New homes stop play as park relocated for two social houses
PUBLISHED: 17:53 14 June 2019 | UPDATED: 09:57 17 June 2019
Plans to build two homes on the site of a Fakenham playground have been approved, despite objections.
The estate on St Peters Road is owned by Victory Housing Trust.
North Norfolk District Council granted planning permission for the homes earlier this month.
Victory will be able to build the homes on the condition a new playground is built on the estate.
The decision was called in to the council's planning committee by former councillors Annie Claussen-Reynolds and Roy Reynolds, after objections by Fakenham Town Council. Mrs Claussen-Reynolds said "We think children's welfare is paramount and children should be allowed to be children.
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"Having said that, we recognise the need for affordable homes, but we felt this was possibly the wrong place and should have been subject to more consultation. There's been children's play area there since the development was built."
Current councillor for the area, Chris Cushing, said "I roughly agree with the objections of my predecessors. The whole committee wanted a new, up-to-date playground, and the housing company will come up with a proposal for that soon. We need to address the need for social housing, but balance that with children's need to exercise".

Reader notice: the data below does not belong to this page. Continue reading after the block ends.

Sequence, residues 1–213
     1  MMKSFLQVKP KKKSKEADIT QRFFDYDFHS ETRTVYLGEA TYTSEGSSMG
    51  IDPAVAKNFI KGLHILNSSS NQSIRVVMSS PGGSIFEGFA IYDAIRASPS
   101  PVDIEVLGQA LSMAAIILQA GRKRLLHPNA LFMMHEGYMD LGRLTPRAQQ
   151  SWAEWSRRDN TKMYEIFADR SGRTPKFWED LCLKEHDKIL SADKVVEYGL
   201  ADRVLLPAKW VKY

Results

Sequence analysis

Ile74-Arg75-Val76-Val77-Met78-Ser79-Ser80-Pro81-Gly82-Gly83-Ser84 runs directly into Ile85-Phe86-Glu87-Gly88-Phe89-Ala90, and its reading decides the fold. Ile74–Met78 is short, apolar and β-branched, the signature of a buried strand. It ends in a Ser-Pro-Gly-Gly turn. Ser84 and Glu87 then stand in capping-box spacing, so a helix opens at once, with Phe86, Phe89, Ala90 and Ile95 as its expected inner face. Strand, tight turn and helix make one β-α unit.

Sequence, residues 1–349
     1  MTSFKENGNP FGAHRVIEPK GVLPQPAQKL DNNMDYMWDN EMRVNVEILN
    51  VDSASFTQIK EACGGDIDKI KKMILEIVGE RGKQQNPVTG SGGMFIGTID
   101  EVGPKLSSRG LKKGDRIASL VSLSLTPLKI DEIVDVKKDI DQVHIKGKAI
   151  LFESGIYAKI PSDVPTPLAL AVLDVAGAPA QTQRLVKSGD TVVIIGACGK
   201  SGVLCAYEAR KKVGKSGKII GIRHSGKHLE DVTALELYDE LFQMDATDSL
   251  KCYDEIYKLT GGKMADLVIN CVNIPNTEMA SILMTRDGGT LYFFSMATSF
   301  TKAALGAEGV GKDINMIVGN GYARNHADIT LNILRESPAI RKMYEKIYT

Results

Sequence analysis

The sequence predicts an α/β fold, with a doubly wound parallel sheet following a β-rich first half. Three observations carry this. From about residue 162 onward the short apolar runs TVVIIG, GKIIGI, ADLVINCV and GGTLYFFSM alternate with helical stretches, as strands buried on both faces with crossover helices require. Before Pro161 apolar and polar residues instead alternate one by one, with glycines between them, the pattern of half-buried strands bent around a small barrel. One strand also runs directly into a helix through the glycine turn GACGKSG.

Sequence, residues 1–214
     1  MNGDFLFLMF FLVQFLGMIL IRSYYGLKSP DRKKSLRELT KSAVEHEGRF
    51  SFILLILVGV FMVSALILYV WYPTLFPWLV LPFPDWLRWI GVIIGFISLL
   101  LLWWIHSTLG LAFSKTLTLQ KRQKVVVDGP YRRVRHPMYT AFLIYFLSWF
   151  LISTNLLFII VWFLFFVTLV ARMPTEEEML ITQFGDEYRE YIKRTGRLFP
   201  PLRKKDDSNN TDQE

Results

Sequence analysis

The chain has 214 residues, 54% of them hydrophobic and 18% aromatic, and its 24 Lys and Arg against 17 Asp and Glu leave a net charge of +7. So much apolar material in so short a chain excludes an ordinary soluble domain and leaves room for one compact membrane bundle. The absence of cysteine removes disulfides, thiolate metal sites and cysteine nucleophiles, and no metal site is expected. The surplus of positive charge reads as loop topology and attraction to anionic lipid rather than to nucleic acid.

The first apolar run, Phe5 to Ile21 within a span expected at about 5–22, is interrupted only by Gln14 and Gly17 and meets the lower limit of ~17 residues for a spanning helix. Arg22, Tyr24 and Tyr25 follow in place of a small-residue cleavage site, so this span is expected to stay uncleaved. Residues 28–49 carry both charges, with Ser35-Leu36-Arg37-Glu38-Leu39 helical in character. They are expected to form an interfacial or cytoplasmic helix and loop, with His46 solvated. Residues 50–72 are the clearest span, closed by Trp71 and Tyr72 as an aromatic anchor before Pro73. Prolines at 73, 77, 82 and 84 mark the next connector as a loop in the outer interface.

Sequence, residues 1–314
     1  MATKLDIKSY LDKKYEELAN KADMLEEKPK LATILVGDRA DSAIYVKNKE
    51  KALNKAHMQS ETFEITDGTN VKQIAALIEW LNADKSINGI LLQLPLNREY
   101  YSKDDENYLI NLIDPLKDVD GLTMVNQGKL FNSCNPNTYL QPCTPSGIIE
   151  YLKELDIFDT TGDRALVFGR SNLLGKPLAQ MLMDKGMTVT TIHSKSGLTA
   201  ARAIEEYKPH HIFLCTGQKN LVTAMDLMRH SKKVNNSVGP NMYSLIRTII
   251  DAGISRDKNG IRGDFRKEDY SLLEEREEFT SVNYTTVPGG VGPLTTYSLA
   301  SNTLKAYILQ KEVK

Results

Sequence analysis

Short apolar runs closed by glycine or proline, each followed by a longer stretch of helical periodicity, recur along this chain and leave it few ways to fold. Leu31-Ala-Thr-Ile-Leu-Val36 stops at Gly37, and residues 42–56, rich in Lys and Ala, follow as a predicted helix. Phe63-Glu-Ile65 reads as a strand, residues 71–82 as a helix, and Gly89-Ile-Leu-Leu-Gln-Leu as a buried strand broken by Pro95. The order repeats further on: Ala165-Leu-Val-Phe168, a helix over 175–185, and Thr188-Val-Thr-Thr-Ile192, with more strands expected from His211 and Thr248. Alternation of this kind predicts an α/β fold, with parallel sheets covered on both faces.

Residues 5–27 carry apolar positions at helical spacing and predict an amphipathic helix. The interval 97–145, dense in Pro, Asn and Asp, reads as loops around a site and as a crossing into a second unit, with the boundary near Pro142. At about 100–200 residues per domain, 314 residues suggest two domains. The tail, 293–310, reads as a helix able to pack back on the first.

Nearby residents had mixed views on the development. Some were concerned the park was being under-used, while others pointed out equipment had been disappearing for some time.
Victory Housing Trust is a subsidiary of Flagship Group. Managing Director of Flagship Homes, Tony Tann, said "We decided to use this site following a survey with all residents of the estate, finding play areas were under-used because the equipment was considered limited, outdated and in need of improvement.
"Along with the new homes, we want to create a new play area in the centre of the estate, which may involve further consultation with the residents. We will work with the council on the location and type of equipment, but in the meantime, there is a second play area on the estate."
One nearby resident, who did not wish to be named, said "There used to be climbing frames too, and children would come from a few roads over to go the park. They have so many houses, why do they have to take the children's play area?"
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